This story addresses children and pets but I think it also pertains to adults…Love the pictures!
Why kids adore animals and what they can learn from all creatures, great and small
By Gail F. Melson Ph.D
From Parent & Child Magazine
A whirling 4 year old comes to a screeching halt, transfixed by the fish swimming lazily around an aquarium in the pediatrician’s waiting room. A 6 year old, home from school, showers the family dog with hugs and kisses before saying hi to Mom. A 10 year old chooses her gerbil, Misty, as the subject of her school essay, “My Best Friend.”
Children are fascinated by animals. Whether it’s a bunny in a picture book, a nature show crocodile, a horse on the farm, or a monkey in the zoo, our kids can’t get enough of the furry – and even the scaly and slithery – creatures that share our planet. And when it comes to the creatures that share our homes, the fascination is even more intense. The bond that develops between a child and his pet is deep and can be every bit as authentic as the emotional ties to a parent, grandparent, sibling, or friend.
What’s behind this fascination?
One theory, biophelia, argues that our attraction to animals is hard-wired in our brains. In fact, evidence suggests that for as long as we humans have been walking the earth, we have had pets by our side. Whatever the reason, research shows that kids reap rich rewards from interacting with animals. A pet can provide affection, counteract loneliness, and help relieve stress. Feeding the classroom turtle or guinea pig can teach responsibility and care. Visiting a drive-through safari or simply watching the squirrels in the park gives children a chance to learn about habitats and survival. In short, animals provide one of the best learning tools in your child’s life.
Lessons from a Fish
At its simplest, having an animal at home invites more of the natural world into your child’s everyday experiences. It’s like a daily biology lesson. A pet provides an up-close opportunity to study how a non-human creature moves, sees, smells, thinks, and even feels. In addition, a pet can help your child understand other kinds of animals, even those he may never have seen in person. One study showed that 5 year olds who cared for a goldfish at home better understood how frogs eat and grow than their classmates without direct pet experiences.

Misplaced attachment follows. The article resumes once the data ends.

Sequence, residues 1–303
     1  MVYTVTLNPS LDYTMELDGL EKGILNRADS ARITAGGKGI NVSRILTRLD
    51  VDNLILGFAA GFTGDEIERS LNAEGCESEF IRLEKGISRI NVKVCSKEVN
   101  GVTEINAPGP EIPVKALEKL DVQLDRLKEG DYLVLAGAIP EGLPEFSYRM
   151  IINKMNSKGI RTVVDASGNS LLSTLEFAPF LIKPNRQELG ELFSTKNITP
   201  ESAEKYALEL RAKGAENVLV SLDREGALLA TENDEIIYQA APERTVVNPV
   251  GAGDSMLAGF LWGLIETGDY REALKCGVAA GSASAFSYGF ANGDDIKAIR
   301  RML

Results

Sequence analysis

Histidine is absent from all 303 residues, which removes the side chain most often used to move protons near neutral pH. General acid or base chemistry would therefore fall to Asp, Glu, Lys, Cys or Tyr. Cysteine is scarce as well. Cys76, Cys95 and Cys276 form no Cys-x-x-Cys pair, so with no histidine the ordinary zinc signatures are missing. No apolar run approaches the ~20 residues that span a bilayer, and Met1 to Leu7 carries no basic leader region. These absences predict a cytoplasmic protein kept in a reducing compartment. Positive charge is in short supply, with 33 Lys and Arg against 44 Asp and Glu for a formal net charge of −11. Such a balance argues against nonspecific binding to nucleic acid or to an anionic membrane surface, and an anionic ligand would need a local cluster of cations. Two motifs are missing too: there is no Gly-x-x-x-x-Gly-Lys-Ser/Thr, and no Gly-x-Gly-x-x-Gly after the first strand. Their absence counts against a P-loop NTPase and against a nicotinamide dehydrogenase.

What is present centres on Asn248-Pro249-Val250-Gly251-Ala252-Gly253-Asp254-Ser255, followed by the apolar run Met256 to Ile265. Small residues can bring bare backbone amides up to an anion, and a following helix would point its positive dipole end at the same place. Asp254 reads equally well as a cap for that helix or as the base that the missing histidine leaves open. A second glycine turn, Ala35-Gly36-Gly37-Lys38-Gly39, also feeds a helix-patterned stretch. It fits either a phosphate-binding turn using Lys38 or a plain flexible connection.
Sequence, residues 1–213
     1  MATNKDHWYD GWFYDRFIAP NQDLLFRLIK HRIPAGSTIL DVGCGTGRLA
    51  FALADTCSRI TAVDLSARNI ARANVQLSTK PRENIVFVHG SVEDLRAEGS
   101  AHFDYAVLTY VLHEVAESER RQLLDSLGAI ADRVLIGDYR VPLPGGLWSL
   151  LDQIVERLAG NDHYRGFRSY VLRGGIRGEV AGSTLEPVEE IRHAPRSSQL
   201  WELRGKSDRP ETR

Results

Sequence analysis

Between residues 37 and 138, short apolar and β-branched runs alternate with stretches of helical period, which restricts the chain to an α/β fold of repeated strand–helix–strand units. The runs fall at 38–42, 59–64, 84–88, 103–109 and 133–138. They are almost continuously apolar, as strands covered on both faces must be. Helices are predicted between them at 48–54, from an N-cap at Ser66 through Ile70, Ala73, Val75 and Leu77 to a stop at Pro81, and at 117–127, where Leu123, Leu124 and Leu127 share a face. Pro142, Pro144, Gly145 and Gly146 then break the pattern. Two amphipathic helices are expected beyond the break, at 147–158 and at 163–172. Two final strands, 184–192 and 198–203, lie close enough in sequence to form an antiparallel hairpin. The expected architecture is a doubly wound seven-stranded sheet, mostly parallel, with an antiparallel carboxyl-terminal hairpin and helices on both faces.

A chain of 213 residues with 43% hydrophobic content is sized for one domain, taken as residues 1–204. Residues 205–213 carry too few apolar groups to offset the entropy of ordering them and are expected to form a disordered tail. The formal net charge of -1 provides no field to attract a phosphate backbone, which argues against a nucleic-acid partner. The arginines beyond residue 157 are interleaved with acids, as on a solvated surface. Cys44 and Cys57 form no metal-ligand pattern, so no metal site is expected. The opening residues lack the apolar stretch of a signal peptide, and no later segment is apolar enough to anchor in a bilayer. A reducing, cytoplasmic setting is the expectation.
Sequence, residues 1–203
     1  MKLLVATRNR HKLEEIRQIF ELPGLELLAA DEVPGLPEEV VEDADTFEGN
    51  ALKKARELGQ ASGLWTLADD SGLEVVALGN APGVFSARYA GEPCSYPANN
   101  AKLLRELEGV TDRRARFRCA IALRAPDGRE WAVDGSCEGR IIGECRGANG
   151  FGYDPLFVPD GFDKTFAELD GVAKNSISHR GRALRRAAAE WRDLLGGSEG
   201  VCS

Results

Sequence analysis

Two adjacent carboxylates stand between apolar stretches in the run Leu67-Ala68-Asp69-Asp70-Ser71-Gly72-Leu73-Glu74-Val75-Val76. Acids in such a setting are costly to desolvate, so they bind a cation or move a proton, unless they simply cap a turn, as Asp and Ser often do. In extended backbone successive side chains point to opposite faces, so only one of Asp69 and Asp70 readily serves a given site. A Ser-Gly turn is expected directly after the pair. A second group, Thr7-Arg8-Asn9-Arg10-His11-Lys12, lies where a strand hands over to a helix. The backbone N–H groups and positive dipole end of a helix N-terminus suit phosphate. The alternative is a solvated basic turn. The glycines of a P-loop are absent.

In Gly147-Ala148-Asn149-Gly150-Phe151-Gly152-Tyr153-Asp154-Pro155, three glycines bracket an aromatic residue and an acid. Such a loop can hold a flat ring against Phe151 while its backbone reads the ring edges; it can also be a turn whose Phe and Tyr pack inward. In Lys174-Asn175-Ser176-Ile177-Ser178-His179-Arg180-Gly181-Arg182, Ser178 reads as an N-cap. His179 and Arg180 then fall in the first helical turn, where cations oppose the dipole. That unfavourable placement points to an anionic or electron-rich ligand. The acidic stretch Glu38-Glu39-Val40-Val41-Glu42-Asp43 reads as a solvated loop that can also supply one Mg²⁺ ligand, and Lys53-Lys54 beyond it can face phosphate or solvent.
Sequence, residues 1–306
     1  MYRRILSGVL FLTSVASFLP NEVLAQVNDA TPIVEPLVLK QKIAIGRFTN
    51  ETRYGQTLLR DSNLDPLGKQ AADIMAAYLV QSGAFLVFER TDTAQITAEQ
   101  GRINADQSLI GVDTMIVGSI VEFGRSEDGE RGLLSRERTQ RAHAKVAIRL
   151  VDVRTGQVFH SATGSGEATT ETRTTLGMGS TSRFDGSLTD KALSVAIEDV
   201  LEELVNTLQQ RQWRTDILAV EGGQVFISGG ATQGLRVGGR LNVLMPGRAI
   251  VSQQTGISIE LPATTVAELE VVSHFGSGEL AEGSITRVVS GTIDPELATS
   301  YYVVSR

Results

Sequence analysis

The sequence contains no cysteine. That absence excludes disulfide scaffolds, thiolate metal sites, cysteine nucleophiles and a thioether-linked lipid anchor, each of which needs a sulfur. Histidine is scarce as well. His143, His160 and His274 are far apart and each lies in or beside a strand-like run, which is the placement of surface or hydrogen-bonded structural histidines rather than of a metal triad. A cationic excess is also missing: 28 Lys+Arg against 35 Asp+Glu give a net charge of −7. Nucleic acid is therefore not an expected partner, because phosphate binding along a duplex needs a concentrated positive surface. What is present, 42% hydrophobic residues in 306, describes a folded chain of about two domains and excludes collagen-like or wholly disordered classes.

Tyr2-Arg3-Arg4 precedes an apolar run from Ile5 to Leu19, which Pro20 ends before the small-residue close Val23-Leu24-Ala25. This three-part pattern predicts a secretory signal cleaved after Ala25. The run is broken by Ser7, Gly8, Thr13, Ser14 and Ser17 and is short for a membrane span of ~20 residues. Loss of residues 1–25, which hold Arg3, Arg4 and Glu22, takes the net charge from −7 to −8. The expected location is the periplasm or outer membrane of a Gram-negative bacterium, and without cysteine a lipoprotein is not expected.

That goldfish can also help your child learn empathy. Young children do not automatically come equipped with the ability to see and feel from another’s perspective, especially when that other is very different from them. (Think of the preschooler who picks out a toy car or a doll as just the right gift for Daddy’s birthday.) Animals, with their ways of moving, eating, and communicating that are so different from humans, challenge young children’s “me” perspective. A dog’s tucked-in tail says “I’m scared,” for instance. A cat’s arched back and standup fur says, “I’m seriously annoyed.”
These unique moments give children a chance to step into other paws and claws and see the world through animal eyes. One bonus of learning empathy this way is a greater awareness of animal welfare. Kids who understand animal behavior and needs are more likely to embrace humane attitudes. In addition, empathy for the animal world may spill over (with your help) into greater sensitivity to human needs.
Pets give many children a sense of companionship, support, and love. Misty the gerbil isn’t the only animal to earn a Best Friend Award. Pets are available and rarely too busy to give their undivided attention – especially if a treat is in the offing. If a child is upset, for example, Misty doesn’t have to be dragged away from preparing dinner or pulled off the phone. She doesn’t say, “Use your words.” Instead, she’s all ears. No wonder many children see their pets as self-esteem boosters.
Animals provide opportunities to nurture. Although we rightly think of kids on the receiving end of care, we hope that when they grow up they’ll, in turn, be sensitive nurturers of children, elderly, and others. The roots of nurturing skills are laid down during childhood, as children observe, learn about, and try out being caregivers. Pets, whether at home or in school, are dependent on us to survive, and can help children plant those roots. When your child sets out food, grooms the guinea pig, walks the dog, or goes along with you to the vet, his nurturing roots are growing.
Caring for an animal provides an especially important opportunity for boys to nurture, since they get fewer chances to hone their care-giving skills as they grow up. Research has found that children associate caregiving of humans with the female role – a “mommy thing,” as one 3-year-old said to me. Pet care is a solid “gender-neutral” training ground for nurturance.
If you’re considering a pet, be aware that there’s no one right animal (or species) for toddlers, preschoolers, or teens. Instead, the choice involves savvy matchmaking. Into the mix go an animal’s needs and temperament, your child’s personality, and your family’s situation. Will that high-energy dog get the exercise she needs living in a small apartment? Will the cat hair set off Grandma’s allergies? Will those veterinary bills stretch the budget too far?
If you can’t make room for an animal in your home, don’t worry: There’s no evidence that pets are necessary for children to thrive. We do know, however, that children’s lives are enriched by involvement with the natural world. Try to find other ways to go “on safari.” A backyard birdfeeder, for example, offers a ringside seat at an “avian drama.” Walks in the woods or a visit to a petting zoo, an aquarium, or the seashore are all wonderful ways to bring your child and animal life together.